Our SPLENDID GIFT of Trophies for HARDCOURT TENNIS To the Combined Hardcourts Tennis Asso- ciation of N.S.W. the goodwill of The Aus- tralian Women's Weekly has been evinced in a practical — and popular —manner by the presenta- tion of fifteen handsome cups for annual competition. Of these trophies, four- teen have been presented to &nbsp; the respective district asso- ciations, and one to the controlling &nbsp; &nbsp; &nbsp; &nbsp; &nbsp; body. MISS E. WILLIAMS and Miss R. Moore, keen com- petitors at the Northern Suburbs courts, Narem- burn, on Monday. THEY will be open for annual com- petition to all women members of the Hardcourts Association. Each cup has been suitably engraved. At the close of the season the name of the winner will be added, and the cup will be held by her for the ensuing twelve months, while a replica of the trophy will be presented. It has not been finally decided as yet in what manner the actual competi- tions...
Hockey Army Prepares For Big BATTLE [Newspaper Article] — The Australian Women's Weekly (1933 - 1982) — 10 June 1933
Hockey Army Prepares For Big BATTLE Sydney will be invaded by an army of enthusiastic hockey players this week, when over 140 girls from all parts of the State will gather for the Country Week Hockey Carnival, commencing next Saturday. WHAT a galaxy of hockey Sydney women followers of the game will have. F. Tamsett, the popular Goulburn forward and Interstate player has gained fresh honors since her visit here last year. She is now one of eleven en- titled to wear the Australian women cricketers' blazer. Miss M. Wansey is the hon. secretary for Country Week, and has drawn up a most interesting programme for the coming week. PROGRAMME FOR HOCKEY WEEK SATURDAY JUNE 10. Wauchope v. New England (Umpires: John- &nbsp; son and Redfern). Smithtown v. Newcastle (Umpires: Merrivale and Land). Goulburn v. Central Western (Umpires: Hoctor and Dunner). Illawarra v. Kempsey (Umpires: Merrivale and Fielding). Canberra and Kempsey, a bye. &nbsp; MONDAY, JUNE 12. Wauchope v. Canberr...
Personalities In GOLF [Newspaper Article] — The Australian Women's Weekly (1933 - 1982) — 10 June 1933
Personalities &nbsp; &nbsp; In GOLF &nbsp; NEWS CAME to hand last week that Mrs. J. Holt, captain and handicapper of Narooma Golf Club, had won the championship of the Far South Coast and Southern Tablelands. Sydneysiders will remember her better as Miss Audrey Benson, who, prior to her marriage a few months back, was club champion, captain and associate secretary of Ryde Club. * * * ASSOCIATE captain of Pymble, Mrs. O. J. C. Moore is playing good golf at present; her L.G.U. handicap is 19, but she plays off two less at her club. One of the most promising young asso- ciates, Miss McLeod, playing with asso- ciate secretary, Mrs Mathieson, last week reduced her handicap by five strokes, quite a big slice in one round, denoting a vast improvement. Miss McLeod will now play off twenty. CONGRATULATIONS are being re- ceived by Mrs. Harry Samuels on the birth of a son last week. Mrs. Samuels is a prominent associate of Dee Why club, and prior to that, at the seaside...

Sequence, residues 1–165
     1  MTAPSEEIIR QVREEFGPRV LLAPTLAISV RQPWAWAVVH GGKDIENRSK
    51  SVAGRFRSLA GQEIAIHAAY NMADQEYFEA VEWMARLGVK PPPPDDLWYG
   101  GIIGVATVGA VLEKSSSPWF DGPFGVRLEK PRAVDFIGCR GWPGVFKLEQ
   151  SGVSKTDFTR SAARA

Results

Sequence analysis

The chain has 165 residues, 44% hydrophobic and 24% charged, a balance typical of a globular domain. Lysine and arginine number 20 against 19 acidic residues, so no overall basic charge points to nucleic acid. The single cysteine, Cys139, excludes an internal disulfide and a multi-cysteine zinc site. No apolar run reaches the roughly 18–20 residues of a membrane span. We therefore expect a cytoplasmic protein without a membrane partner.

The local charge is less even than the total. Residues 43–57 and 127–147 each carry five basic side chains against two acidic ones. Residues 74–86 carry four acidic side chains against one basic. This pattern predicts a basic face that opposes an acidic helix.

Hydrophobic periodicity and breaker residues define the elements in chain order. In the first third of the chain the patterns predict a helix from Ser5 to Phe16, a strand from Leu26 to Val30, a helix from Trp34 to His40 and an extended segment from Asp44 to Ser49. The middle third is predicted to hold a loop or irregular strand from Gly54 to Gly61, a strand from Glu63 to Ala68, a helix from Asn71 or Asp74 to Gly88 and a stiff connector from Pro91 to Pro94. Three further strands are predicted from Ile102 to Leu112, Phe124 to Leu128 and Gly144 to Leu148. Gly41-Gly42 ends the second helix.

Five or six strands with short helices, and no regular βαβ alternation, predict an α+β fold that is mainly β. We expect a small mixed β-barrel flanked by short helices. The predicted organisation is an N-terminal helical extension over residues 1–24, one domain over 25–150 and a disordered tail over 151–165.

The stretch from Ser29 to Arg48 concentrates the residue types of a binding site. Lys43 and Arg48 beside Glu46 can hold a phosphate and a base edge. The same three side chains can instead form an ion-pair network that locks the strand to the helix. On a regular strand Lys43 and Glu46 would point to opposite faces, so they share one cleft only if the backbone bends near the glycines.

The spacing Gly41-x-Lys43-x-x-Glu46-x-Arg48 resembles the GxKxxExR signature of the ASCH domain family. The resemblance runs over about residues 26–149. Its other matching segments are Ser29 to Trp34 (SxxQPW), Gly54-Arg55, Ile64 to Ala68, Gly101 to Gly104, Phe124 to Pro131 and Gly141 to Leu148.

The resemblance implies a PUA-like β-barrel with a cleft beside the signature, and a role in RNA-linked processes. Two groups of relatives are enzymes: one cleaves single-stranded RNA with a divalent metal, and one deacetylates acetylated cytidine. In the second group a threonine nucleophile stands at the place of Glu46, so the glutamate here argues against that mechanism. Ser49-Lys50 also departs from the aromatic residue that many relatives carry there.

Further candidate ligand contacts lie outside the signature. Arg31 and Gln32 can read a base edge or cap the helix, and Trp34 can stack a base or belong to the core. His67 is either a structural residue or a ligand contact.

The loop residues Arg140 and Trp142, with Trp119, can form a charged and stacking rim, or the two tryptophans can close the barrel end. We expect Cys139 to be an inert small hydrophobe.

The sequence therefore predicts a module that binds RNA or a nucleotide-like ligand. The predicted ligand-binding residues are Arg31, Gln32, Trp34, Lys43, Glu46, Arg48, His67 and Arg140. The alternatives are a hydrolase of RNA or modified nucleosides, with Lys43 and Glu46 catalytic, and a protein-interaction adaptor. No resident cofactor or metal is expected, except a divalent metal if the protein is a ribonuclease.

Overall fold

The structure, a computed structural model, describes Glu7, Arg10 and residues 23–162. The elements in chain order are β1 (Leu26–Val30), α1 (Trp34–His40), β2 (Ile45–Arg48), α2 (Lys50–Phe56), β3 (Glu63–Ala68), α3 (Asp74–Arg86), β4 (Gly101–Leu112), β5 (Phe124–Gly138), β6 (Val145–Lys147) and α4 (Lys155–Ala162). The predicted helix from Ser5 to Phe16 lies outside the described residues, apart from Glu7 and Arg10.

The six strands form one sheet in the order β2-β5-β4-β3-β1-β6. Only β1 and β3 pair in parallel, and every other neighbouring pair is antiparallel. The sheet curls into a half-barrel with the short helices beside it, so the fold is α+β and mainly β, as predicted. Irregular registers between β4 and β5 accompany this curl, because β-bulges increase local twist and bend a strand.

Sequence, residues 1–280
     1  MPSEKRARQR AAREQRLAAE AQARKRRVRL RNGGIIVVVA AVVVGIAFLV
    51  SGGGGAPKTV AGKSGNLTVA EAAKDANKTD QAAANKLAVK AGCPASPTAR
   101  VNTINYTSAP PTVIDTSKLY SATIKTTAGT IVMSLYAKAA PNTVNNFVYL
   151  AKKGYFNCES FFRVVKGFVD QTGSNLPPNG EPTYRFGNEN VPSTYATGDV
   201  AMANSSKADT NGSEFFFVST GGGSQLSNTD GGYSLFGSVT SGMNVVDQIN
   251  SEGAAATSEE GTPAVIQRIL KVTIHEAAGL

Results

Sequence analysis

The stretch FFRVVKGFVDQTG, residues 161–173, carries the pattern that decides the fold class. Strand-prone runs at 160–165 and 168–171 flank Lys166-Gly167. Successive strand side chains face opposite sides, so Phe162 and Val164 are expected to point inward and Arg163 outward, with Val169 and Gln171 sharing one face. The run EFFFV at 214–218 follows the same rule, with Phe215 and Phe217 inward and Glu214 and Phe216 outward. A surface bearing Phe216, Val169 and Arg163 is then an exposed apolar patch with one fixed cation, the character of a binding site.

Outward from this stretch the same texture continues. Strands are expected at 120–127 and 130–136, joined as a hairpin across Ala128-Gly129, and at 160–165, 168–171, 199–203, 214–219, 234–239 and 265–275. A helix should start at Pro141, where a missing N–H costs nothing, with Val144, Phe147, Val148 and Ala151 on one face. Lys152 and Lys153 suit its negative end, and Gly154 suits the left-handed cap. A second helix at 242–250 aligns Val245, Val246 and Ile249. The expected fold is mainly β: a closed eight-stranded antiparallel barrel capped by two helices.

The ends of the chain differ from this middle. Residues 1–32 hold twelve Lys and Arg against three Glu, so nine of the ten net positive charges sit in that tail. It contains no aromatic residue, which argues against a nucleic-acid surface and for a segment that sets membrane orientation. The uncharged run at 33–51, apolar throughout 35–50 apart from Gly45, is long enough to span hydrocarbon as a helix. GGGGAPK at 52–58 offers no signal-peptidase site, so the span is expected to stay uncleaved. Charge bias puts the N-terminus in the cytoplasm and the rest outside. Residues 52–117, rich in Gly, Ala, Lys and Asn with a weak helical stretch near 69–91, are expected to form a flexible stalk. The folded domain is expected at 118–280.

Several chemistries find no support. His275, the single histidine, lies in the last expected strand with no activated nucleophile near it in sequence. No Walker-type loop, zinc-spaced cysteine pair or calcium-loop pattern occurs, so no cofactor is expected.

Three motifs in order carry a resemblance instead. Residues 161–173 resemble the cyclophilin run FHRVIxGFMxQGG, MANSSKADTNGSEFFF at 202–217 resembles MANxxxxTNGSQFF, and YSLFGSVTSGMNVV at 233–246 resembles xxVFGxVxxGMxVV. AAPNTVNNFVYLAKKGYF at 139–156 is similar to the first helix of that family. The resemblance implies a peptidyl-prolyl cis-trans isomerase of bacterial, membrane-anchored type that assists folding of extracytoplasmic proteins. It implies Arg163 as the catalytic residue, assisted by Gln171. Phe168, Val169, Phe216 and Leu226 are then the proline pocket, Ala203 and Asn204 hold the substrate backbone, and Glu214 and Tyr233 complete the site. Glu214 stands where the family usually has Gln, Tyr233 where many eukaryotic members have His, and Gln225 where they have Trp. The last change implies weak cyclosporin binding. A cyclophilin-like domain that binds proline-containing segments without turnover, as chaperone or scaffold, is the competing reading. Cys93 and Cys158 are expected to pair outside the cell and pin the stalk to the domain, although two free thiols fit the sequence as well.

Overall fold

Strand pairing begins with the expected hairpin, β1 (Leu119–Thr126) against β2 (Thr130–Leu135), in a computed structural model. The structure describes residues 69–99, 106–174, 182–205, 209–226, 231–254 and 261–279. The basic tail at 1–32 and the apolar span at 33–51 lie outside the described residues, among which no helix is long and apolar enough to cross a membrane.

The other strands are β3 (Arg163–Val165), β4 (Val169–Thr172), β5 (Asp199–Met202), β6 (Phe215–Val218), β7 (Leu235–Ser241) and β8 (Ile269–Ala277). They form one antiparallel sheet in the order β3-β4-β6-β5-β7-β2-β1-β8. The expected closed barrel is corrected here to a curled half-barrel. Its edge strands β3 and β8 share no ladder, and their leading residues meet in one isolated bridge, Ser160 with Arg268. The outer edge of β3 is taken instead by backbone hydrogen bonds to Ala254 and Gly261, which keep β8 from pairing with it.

Suva Hockey Players Are Full of Pep [Newspaper Article] — The Australian Women's Weekly (1933 - 1982) — 10 June 1933
Suva Hockey Players Are Full of Pep GREAT interest is centred on the N.S.W. hockey team, which will leave for Suva at the end of this month. International players Tory Wicks and McRae coached the team last Sat- urday, and again on Tuesday. They are working up an excellent combination. Nancy Wicks, whose name is a by- word with hockey players, and who, with her sister, Tory, is the centre of activities in the Gumnut Club, will be captain of the team. She has repre- sented New South Wales in every State except Queensland, and was a member of the State team that played England. With all this experience she will prove a most capable and popular captain. To help her she has Johnson as vice- captain. Johnson has also played in numerous Interstate games. She has been secretary of the Kookaburra Club for nine years, and this season is their cap- tain. Crowley, one of the full-backs, was the originator of the &nbsp; Commonwealth Bank Club. O'Brien and Bur- rell both played at Woodcou...
She Plays Like a COMING Champion! 17-year-old Girl's Big Chance [Newspaper Article] — The Australian Women's Weekly (1933 - 1982) — 10 June 1933
She Plays Like a COMING Champion! 17-year-old Girl 's Big Chance By DOROTHY KEARNEY THE junior and schoolgirls' champion- &nbsp; ship of N.S.W., played at Kensing- ton last week, over 36 holes stroke, re- &nbsp; sulted in a meritorious win for 17-year- &nbsp; old Miss Barbara Donkin, of Moss Vale. &nbsp; The weather conditions were boister- &nbsp; ous, and it speaks volumes for this &nbsp; youngster's play that she had a clear &nbsp; lead of five strokes from the rest of &nbsp; the field, which included Sydney's two leading juniors, Miss Irene Morgan, of &nbsp; Pennant Hills, and Miss Florrie Keane, &nbsp; of Roseville. It is a big step from the obscurity of &nbsp; a small country golf club to the lime- light of a State champion, who bids fair to perhaps becoming a national champion. Barbara is still a pupil at Koyong school, and has only been play- ing two years. Her early tuition was received f...